In my case I had a similar awkwardness with the keyboard which vanished when I replaced it. Hopefully that's not your situation but the new keyboard has a fantastic feel.

 

" The fan noise wasn't really a problem"

 

Given simple Physics Laws of Thermodynamics, the end of fans that sounded like Jet Engines is due more to Thermal Throttling than clever heat management. I would prefer to have the option of a Jet Engine when I need it but alas, that's not the trend in these thin workstation powerhouses.

 

"The screen is fine but there is noticeable backlight bleeding in both lower corners (obvious more noticeable as the screen gets darker). "

 

I have the 4K LCD Touch Screen and it is gorgeous beyond belief. I am still amazed every time I use it. I suspect they make a larger profit on the 1080p screen and use multiple suppliers to minimize costs. If so there will be support forums and listings of the various panels available and you might be able to get it serviced.

 

"Webcam placement is dumb"

 

They need some real estate at the bottom so would you want to add 1/2 inch to the top or live with a bottom webcam? It's not dumb, it's a difficult design choice that I have to grumpily agree with.

 

"Cannot add an internal drive (which is why I opted for the larger 512GB vs 256GB).  Cannot (easily anyway) change the battery ... might be an issue down the road as my older XPS went through two batteries during its lifetime."

 

The cheap model with an SSD drive uses a much smaller battery. In theory one could source a small battery and then add an SSD but again the design tradeoff here is a fantastic battery that permits 2 hours of battery life while doing full CPU load professional workloads. I couldn't care less about battery life figures for checking Facebook in Hipster coffee shops...

 

Once you have removed the bottom cover a few times, the battery replacement is just plain trivial which involves pulling one connector that you have to do every time anyways to remove power and then a few screws gets you a very nice battery that extends the entire width of the unit.

 

It should be easy to source it for a long time to come on Alibaba etc.

 

I would be curious to know if the several revs in the motherboard ended up with a second NVMe slot which Dell has a habit of not documenting but somebody should have a mobo photo...

 

Your laptop is an example of a truly great design which has been basically unchanged through a few refresh cycles, quite rare these days...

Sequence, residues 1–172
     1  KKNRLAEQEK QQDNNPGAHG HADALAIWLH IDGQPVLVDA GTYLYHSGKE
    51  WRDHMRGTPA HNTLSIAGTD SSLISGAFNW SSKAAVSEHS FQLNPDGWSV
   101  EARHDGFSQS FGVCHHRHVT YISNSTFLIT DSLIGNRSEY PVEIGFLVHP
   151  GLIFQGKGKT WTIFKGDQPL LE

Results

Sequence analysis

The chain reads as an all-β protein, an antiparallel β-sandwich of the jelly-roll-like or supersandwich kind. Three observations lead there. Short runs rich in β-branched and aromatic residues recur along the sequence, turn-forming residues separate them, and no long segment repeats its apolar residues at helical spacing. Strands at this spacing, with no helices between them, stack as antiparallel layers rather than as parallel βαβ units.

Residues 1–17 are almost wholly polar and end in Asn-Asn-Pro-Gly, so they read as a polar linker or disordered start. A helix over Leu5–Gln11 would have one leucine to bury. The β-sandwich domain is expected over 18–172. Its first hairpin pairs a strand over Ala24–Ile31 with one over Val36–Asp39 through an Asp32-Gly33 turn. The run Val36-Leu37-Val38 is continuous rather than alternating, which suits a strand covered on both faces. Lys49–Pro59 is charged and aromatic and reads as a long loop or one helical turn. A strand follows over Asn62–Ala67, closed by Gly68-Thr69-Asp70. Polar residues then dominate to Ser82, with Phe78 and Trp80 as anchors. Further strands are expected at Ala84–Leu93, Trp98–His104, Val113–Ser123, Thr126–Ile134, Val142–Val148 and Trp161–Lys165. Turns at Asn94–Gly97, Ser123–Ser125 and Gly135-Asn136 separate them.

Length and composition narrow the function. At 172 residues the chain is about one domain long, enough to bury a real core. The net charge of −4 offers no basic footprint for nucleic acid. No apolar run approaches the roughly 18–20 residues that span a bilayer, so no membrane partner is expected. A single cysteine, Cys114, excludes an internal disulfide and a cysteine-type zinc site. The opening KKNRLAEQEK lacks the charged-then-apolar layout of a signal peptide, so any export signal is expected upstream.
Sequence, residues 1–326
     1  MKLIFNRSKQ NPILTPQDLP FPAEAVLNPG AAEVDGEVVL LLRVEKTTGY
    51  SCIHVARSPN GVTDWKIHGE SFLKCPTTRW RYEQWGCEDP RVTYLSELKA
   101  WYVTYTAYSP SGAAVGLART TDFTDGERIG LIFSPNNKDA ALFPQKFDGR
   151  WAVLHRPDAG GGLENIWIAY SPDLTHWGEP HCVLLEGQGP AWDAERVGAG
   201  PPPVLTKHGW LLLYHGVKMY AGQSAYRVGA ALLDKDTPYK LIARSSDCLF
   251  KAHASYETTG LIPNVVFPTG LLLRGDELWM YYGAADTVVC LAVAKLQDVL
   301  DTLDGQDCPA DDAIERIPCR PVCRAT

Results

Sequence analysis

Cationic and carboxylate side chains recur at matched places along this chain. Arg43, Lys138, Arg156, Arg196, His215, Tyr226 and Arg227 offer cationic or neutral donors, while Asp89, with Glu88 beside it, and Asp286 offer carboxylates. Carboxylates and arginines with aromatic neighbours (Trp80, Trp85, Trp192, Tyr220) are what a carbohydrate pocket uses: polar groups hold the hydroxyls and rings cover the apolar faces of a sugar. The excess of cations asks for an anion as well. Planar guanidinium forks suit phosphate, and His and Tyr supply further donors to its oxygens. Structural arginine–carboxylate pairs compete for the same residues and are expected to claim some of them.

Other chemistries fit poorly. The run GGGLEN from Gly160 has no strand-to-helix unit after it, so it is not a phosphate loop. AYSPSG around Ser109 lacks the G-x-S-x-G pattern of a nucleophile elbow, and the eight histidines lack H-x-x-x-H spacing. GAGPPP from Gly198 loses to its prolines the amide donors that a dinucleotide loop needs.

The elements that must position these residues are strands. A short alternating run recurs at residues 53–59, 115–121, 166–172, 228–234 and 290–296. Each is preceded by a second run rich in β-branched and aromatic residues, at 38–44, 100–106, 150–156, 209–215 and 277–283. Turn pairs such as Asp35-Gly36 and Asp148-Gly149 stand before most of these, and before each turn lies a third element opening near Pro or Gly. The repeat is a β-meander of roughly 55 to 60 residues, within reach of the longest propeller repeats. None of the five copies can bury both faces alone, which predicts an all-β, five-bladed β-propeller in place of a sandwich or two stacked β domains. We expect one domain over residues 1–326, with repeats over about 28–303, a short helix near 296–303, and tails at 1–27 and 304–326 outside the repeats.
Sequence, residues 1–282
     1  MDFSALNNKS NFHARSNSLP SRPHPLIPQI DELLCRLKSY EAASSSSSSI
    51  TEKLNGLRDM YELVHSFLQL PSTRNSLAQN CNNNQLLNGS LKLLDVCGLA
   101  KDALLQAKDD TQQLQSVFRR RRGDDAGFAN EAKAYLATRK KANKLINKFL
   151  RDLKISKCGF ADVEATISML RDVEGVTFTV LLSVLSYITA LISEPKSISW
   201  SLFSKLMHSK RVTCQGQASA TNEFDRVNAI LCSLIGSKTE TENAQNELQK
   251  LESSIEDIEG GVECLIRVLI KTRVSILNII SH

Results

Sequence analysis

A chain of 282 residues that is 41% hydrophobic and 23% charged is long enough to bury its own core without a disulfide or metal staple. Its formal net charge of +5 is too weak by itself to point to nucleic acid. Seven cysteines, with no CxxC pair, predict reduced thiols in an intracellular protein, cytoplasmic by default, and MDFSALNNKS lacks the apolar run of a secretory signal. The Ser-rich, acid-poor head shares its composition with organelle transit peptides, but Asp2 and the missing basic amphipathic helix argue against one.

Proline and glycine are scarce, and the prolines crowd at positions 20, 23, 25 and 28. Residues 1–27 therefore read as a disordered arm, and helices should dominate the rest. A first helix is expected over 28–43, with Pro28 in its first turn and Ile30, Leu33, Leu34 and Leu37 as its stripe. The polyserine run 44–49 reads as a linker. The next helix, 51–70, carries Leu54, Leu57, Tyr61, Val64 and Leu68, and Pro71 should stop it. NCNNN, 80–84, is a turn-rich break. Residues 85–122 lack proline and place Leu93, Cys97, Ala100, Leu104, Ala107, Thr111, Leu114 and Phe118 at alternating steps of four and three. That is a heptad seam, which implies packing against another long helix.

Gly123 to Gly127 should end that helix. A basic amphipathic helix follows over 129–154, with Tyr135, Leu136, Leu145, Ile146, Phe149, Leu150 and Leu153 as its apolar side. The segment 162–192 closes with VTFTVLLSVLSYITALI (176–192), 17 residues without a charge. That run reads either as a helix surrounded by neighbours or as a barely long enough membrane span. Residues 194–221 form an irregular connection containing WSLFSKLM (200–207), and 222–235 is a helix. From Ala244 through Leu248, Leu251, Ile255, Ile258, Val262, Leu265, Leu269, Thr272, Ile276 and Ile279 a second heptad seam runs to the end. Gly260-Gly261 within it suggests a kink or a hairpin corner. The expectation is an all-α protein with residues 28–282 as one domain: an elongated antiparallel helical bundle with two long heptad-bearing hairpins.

Now, about Dr. Pepper... The keyboard is rated as spill proof and Dell demonstrated that at a computer show by dumping a glass of water on a running laptop and of course the laptop was angled forward for the audience to see it. The Achilles Heel in the design is that if the laptop is angled flat or backwards, the liquid will literally bounce off the spill proof keyboard and into the heat escape vents at the base of the LCD. Inside, right next to that vent on the motherboard is the main power supply circuits. It's dead Jim!

 

 

 

 

 

 

 

 

 

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Jim K
10 hours ago, DevTech said:

I would be curious to know if the several revs in the motherboard ended up with a second NVMe slot which Dell has a habit of not documenting but somebody should have a mobo photo...

Looks like it is about the same motherboard design as older generations (at least the 9560).  There isn't an obvious 2nd NVMe slot....doubt it would be hiding under the battery...haha.

 

20180526_073423.thumb.jpg.7f165b65f3111457f66787bd098a9ba9.jpg

 

 

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DevTech
12 minutes ago, Jim K said:

Looks like it is about the same motherboard design as older generations (at least the 9560).  There isn't an obvious 2nd NVMe slot....doubt it would be hiding under the battery...haha.

 

There is a spot for a SSD SATA right next to the NVMe where the battery and in that config a much smaller battery is provisioned. Just to the right of the NVMe there is an unused connector which I suspect is for the SATA. With the right cable adapters it might be possible to duct tape a M.2 SATA right there which would permit the combo of a 2 TB Samsung 960 Pro and a 2 TB Samsung 860 Pro? Would be nice to try.

 

FWIW, I drilled a few holes in the bottom cover right next to the NVMe because they get quite hot and can then go into throttle mode which sucks for a high perf device.

 

Sadly, my Samsung 960 Pro is only 512 so I pack an external USB 3 to hold VMs and stuff. A full install of Visual Studio 2017 can take 100 gigs and ther is the Adobe stuff so 512 is frustratingly tiny and forever forcing painful decisions...